In this case, the Commission visited the San Isidro jail the same day, and was able to verify the inaccuracy of the denunciation, inasmuch as it was able to interview the five officers concerned.
The same thing happened in the case of the denunciation addressed to the Commission on June 28, 1965, in which it was stated that 16 conscripts of the National Police had been executed in the Ozama Fortress on June 19, and that their bodies had been burned.
From the investigation made by the representative of the Commission, Professor Abranches, assisted by staff members of the Secretariat, it was proved that the alleged executions had not taken place.
As of the beginning of August 1965, the Commission had the following available data:
Persons missing 124
Persons buried in the Obrero Cemetery
Persons buried in the Los Minas Cemetery
A majority of the claims and complaints received referred to violations of the right to liberty and personal security. The Commission was asked to obtain the freedom of persons imprisoned for political reasons, but against whom no concrete charges had been brought. The Commission’s intervention was also requested to prevent the execution of prisoners during their transfer from one prison to another, as well as to better their treatment, to obtain permission for them to receive visits from their relatives, or to change cells for reasons of health.
The Commission’s work, as regards denunciations of violations of the right to liberty and personal security, consisted in communicating to the authorities of both governments the pertinent parts of the denunciations it received, and obtaining from those authorities explanations on the questions raised therein, while a representative of the Commission, assisted by staff members of the Secretariat, was visiting the prison in question to verify the alleged acts. The Commission made repeated visits to the following prisons: La Victoria National Penitentiary, National Police Palace, San Isidro Air Base, Armed Forces Training Center at San Isidro, Transportation Building, Ozama Fortress, Salomé Ureña School, Palace of Justice, all situated in the Capital or in its suburbs.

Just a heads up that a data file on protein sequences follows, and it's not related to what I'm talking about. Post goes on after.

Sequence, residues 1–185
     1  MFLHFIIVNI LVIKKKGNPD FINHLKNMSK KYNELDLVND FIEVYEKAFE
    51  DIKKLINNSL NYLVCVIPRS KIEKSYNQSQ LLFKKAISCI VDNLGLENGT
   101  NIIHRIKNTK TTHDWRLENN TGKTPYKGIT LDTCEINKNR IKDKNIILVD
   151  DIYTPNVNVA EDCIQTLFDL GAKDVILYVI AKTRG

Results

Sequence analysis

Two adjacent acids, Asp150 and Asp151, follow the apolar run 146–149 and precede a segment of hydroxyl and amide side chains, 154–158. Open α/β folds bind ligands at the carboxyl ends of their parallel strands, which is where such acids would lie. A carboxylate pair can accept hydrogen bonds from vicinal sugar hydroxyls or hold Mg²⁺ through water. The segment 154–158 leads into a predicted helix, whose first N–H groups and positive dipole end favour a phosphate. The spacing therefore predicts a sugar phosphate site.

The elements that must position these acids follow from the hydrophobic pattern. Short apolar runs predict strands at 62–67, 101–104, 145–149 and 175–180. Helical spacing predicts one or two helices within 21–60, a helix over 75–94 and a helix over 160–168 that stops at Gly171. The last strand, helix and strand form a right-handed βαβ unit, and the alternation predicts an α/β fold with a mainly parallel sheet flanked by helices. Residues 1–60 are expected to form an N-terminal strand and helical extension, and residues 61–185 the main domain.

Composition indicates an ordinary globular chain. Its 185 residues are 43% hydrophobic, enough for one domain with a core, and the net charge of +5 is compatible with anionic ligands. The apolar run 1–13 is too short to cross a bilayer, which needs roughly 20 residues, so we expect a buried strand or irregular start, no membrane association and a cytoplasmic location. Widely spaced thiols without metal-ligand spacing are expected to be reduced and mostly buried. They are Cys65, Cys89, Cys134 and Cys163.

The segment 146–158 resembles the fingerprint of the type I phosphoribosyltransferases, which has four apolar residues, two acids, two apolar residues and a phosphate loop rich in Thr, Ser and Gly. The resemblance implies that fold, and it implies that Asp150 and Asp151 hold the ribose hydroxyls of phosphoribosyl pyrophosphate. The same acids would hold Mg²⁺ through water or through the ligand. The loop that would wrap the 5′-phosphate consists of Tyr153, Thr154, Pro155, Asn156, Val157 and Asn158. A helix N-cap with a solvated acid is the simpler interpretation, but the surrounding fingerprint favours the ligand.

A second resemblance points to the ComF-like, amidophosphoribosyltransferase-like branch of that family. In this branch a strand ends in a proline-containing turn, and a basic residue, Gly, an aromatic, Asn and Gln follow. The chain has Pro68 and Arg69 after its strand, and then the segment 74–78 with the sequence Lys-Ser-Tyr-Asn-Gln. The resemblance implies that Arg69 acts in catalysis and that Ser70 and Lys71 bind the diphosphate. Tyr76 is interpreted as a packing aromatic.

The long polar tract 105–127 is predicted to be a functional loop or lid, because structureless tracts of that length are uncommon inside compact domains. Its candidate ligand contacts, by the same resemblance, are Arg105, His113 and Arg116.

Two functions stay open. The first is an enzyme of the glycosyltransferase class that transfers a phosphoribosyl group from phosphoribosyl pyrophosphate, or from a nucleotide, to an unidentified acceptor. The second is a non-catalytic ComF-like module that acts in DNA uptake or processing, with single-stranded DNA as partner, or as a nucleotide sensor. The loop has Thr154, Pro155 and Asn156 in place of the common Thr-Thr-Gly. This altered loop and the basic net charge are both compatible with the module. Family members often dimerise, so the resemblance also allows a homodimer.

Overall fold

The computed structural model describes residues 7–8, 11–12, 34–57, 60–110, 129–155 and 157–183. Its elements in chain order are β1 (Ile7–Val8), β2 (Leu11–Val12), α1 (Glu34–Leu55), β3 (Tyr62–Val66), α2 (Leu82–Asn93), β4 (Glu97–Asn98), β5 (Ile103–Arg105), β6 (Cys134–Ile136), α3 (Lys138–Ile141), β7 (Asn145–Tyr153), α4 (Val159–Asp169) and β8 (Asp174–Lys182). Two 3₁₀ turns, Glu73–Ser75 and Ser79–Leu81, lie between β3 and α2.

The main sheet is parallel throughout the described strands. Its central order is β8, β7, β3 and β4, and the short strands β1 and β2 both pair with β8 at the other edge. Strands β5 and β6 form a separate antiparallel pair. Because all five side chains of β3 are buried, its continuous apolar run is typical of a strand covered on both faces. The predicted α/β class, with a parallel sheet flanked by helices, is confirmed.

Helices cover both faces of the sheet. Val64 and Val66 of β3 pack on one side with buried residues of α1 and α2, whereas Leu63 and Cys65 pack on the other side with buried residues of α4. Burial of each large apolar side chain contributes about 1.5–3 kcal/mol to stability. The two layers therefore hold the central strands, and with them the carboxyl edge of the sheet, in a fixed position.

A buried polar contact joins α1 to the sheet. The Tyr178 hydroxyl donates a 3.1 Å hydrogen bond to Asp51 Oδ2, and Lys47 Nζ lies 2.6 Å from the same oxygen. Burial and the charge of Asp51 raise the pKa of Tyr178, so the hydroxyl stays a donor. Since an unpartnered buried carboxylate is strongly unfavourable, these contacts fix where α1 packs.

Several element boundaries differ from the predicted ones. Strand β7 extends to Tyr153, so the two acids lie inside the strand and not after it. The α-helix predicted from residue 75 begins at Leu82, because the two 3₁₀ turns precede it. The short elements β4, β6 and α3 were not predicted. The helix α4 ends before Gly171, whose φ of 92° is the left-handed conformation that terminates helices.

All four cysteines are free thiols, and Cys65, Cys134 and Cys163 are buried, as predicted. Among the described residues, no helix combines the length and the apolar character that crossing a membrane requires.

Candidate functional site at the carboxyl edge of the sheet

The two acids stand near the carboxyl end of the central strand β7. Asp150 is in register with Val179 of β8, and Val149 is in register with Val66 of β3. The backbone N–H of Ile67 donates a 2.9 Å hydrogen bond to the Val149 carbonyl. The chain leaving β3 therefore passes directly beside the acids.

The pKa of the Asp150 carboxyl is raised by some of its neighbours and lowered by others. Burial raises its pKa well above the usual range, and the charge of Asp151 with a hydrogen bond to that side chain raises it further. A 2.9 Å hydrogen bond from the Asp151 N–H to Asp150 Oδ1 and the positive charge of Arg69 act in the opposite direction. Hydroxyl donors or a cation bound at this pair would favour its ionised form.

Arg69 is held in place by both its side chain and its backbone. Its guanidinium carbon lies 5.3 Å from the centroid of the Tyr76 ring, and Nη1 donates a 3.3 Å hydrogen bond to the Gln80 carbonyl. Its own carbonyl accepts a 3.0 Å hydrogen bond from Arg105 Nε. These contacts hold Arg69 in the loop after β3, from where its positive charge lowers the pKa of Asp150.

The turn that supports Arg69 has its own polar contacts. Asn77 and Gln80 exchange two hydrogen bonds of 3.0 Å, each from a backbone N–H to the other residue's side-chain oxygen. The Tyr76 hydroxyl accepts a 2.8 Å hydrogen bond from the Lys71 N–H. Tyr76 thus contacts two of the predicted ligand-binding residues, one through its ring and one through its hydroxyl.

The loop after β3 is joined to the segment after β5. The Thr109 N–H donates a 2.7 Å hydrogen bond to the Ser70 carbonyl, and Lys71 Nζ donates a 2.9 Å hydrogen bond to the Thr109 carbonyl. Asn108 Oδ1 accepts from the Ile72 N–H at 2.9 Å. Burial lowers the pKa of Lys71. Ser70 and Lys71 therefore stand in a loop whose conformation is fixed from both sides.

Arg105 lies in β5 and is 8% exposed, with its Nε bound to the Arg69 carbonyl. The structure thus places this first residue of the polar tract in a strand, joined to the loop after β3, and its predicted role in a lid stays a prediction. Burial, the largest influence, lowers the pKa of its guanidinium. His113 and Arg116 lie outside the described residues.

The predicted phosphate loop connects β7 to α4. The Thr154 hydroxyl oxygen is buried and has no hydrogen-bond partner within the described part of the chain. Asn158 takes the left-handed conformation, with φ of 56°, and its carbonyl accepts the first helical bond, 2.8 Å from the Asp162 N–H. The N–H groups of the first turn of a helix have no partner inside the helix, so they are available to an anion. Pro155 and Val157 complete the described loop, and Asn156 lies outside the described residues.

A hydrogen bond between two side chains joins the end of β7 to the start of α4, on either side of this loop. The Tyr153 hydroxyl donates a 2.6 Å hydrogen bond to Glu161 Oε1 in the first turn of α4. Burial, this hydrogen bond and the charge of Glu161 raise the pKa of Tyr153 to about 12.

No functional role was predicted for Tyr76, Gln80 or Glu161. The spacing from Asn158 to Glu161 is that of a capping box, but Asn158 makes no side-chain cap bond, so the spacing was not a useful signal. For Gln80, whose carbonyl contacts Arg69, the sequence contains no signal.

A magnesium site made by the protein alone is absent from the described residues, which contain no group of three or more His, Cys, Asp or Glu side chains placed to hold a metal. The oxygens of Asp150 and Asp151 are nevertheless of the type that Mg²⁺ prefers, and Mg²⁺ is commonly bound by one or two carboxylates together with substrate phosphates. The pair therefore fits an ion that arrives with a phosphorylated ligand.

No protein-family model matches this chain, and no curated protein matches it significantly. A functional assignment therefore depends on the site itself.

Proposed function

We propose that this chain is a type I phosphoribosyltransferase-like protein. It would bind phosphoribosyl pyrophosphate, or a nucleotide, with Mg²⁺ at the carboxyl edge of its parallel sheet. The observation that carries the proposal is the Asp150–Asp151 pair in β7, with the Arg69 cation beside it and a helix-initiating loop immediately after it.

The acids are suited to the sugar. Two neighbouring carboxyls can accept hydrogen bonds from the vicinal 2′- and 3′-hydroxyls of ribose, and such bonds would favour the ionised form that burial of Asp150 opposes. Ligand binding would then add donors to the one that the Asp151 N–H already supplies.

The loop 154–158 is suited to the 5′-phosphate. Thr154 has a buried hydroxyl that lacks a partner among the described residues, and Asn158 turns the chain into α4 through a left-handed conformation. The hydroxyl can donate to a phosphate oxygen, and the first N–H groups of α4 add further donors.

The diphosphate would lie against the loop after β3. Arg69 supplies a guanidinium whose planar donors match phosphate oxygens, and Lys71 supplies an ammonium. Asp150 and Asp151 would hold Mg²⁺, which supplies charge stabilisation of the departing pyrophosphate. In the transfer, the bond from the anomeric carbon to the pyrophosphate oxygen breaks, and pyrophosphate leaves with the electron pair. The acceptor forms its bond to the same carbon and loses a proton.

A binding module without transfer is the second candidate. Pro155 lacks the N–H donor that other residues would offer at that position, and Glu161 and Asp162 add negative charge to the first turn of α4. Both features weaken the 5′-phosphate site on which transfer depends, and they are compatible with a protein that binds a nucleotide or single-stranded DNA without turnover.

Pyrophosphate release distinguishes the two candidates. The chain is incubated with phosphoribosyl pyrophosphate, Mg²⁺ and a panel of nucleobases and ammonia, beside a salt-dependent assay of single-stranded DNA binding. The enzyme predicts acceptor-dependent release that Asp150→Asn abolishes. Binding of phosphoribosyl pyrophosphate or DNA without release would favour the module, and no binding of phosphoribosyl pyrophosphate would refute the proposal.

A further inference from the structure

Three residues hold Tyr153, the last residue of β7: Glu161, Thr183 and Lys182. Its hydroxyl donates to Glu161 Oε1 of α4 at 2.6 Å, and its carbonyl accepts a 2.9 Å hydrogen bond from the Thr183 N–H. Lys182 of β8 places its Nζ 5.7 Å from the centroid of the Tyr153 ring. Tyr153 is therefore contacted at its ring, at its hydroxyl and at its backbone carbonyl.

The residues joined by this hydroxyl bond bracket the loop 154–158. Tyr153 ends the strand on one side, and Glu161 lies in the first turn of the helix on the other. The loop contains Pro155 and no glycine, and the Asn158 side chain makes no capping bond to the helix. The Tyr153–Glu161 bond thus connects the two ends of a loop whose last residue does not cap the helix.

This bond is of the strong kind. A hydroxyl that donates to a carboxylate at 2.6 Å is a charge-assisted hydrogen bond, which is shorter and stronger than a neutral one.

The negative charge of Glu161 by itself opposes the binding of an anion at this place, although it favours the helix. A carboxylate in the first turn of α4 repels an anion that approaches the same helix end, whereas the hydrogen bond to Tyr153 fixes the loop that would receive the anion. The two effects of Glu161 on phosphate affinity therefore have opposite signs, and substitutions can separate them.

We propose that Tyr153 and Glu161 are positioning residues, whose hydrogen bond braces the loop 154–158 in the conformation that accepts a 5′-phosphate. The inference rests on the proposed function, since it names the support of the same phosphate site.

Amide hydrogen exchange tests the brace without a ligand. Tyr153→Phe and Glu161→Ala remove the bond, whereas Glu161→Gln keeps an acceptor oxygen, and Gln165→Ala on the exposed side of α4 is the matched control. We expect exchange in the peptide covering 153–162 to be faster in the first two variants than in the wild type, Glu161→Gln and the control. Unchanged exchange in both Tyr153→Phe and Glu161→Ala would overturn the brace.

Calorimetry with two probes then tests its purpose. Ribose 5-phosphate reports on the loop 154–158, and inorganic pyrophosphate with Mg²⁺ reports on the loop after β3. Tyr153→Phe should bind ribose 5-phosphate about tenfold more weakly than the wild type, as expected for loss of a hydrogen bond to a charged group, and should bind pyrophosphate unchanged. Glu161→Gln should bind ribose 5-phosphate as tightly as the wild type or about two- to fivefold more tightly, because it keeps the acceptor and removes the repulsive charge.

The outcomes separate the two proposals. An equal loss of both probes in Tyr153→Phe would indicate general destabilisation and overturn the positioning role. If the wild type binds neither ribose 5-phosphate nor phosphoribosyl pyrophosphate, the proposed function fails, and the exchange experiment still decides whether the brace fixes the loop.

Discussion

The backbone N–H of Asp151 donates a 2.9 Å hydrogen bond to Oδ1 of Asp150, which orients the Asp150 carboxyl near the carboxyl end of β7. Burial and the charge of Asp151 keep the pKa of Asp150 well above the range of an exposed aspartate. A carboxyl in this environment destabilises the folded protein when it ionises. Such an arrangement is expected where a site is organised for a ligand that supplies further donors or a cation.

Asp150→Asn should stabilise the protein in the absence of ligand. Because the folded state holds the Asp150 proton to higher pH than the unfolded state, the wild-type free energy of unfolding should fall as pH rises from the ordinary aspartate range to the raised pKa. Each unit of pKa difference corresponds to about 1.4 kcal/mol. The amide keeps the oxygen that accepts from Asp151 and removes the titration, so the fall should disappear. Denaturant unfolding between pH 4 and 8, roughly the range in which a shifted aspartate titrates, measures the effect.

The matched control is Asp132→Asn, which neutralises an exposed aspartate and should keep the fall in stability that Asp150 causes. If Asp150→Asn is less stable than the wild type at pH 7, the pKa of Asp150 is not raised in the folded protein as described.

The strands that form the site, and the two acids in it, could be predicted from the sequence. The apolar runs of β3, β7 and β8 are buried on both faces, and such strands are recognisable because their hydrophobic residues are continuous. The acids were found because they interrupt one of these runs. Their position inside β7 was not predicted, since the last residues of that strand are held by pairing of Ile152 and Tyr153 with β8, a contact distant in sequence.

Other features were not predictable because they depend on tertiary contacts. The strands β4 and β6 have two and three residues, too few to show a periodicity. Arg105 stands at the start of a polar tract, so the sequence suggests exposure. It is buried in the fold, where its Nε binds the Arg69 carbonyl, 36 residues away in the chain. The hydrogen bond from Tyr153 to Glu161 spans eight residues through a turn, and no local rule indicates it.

The most important prisons, which were under the control of the Government of National Reconstruction, were La Victoria National Penitentiary, located a few kilometers from the Capital, and the National Police Palace, in Santo Domingo proper, as well as jails located at certain military bases, such as that of San Isidro and the so-called Transportation Building, where the arrested persons were taken before being transferred to a permanent prison.
In the interior of the country all prisons were under the authority of the Government of National Reconstruction.
In the zone under the jurisdiction of the jurisdiction of the Constitutionalist Government there were fewer prisons and a much smaller number of prisoners, due to the fact that the territory was very small. The main prison was the Ozama Fortress, the only one that had actual cells. Other prisons were improvised in the Salomé Ureña School and in the Palace of Justice, or of the Courts.
The Commission took cognizance of the alleged existence of prison and concentration camps in various places in the zones of one or other government, but this could not be verified.
The existence of a political prison at the military base of Sans Souci, located in one of the banks of the Ozama River, and near its mouth, was made known to the Commission. According to the information given to the Commission by the United States authorities in charge of this base, there was only one place of detention where persons were shut up for purposes of investigation.
Only in a few instances was the Commission prevented from entering the prisons. One was on June 24, 1965, when the representative of the Commission was prevented from entering the San Isidro Base to visit certain army officers imprisoned therein. The other was on June 26, when the representative of the Commission was prevented from visiting political prisoners who were in San Francisco de Macorís as a result of the insurrection that had broken out in that city the day before.
Because of this, the representative of the Commission, Dr. Abranches, addressed a note of protest to the Government of National Reconstruction on June 26, 1965.1
On July 3, 1965, the Chairman of the Commission was prevented from carrying out his functions in the same city of San Francisco de Macorís, when the military chief of that city avoided the interview requested by Professor Bianchi, who was accompanied by Dr. Sandifer, a member of the Commission, and a staff member of the Secretariat.
On the same date, the Chairman of the Commission addressed the Government of National Reconstruction to explain the situation and express his protest.2
In both cases the Government of National Reconstruction gave explanations of the reasons that led the authorities to prevent the visit. The said government reiterated its intention of permitting the visits without restrictions, provided, however, that the corresponding authorities were previously notified.
The Commission gave special attention to the case of minors imprisoned both in the Capital and in the interior of the country. Among the measures undertaken by this body, it is worth quoting from the communication addressed to the Government of National Reconstruction by Mrs. Angela Acuña de Chacón, the text of which portion is as follows: